Should Wiretapping Be Allowed?

The public in general is against allowing wiretapping, but its supporters point out that it is needed. The pros and cons of giving the government this power are detailed below.

Tracking Terrorists

Giving authorities the power to eavesdrop will help in hunting down terrorists. Those advocating this measure say it will make tracking down these criminals much easier. Without this option, following the movement of suspected terrorists will be very difficult. It’s hard enough as it is. The power to eavesdrop also helps verify raw information.

Aside from terrorists, it can also help trap other criminals like drug traffickers. By allowing wiretapping, the government will be able to fight criminal elements more effectively.

Giving Law Enforcers a Boost

Its proponents say criminals and terrorists use sophisticated means of communication. They are very deft in hiding their activities. When criminals strike, the authorities are blamed for intelligence failure. Why not give authorities the power to fight them on even terms?

Today, wiretapping can be allowed through a court order. But giving the authorities more power, supporters say, will make law enforcement more effective. Today agencies have to go through a tedious process to get permission to wiretap. Even then, its use is very limited.

Abuse of Power

Those against allowing wiretapping worry about abuse of power. As it is, people are wary of providing too much information to the government. Privacy is a human right. If the authorities get extensive eavesdropping rights, they can listen in to virtually anyone.

Today’s technology means wiretapping isn’t just about listening to phone conversations. It can mean going over your emails, text messages and other personal data. What if these get into the wrong hands?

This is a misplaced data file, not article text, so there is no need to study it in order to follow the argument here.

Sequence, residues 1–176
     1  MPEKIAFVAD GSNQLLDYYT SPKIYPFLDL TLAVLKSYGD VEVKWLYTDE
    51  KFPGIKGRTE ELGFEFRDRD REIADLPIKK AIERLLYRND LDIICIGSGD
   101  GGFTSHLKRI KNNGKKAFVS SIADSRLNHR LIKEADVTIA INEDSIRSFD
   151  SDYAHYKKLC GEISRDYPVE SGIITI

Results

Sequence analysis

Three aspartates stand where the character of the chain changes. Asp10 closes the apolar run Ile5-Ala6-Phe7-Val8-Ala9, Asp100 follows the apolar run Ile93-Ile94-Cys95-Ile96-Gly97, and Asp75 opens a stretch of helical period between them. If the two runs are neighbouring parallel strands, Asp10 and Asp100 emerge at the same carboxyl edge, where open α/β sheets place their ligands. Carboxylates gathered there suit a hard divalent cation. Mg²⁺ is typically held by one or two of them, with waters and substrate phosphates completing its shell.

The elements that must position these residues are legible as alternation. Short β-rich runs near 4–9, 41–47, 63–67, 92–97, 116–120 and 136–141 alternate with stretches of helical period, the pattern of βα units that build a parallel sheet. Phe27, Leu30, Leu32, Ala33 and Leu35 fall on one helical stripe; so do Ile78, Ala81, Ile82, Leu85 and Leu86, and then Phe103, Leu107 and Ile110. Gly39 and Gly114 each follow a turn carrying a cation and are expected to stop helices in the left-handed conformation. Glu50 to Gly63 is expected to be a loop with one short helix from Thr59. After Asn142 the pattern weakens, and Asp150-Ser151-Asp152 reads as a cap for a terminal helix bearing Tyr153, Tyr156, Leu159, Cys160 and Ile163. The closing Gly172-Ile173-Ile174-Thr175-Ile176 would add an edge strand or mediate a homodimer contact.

Increased Political Power

Another potential problem will be political abuse. What will prevent an official with ties to the right people from resorting to this? By allowing wiretapping, the party in power can spy on their opponents. The administration can also use it to eavesdrop on groups against their policies.

This power can be used to disrupt rallies and other actions against the administration. The Watergate affair which led to President Nixon’s resignation still resonates in the minds of people. It’s viewed as an example of abuse of power. If wiretapping is permitted to a wide extent, the same thing might happen.


The reason why this proposal hasn’t gotten much public support stems from a lack of trust in government. Even today people are hesitant to provide personal info on the Web. What more to allow government agencies to wiretap?

Its supporters say that this distrust is misplaced. If such a law were to be passed, there would be provisions to ensure it isn’t abused. Its supporters also say that the goal is to trace the communication exchanges of terrorists. This is necessary to keep American citizens protected.

The law allowing wiretapping to a certain extent will probably stay. But extending its usage is unlikely to gain popular support. While the right to eavesdrop may be allowed by the courts, its use will almost certainly remain limited.